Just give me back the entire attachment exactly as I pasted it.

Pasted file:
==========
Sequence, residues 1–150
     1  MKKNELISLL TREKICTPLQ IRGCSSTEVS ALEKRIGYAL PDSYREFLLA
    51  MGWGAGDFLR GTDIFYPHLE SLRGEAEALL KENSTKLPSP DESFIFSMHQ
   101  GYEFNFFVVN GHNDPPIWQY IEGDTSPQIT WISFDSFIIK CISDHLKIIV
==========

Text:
Sequence, residues 1–150
     1  MKKNELISLL TREKICTPLQ IRGCSSTEVS ALEKRIGYAL PDSYREFLLA
    51  MGWGAGDFLR GTDIFYPHLE SLRGEAEALL KENSTKLPSP DESFIFSMHQ
   101  GYEFNFFVVN GHNDPPIWQY IEGDTSPQIT WISFDSFIIK CISDHLKIIV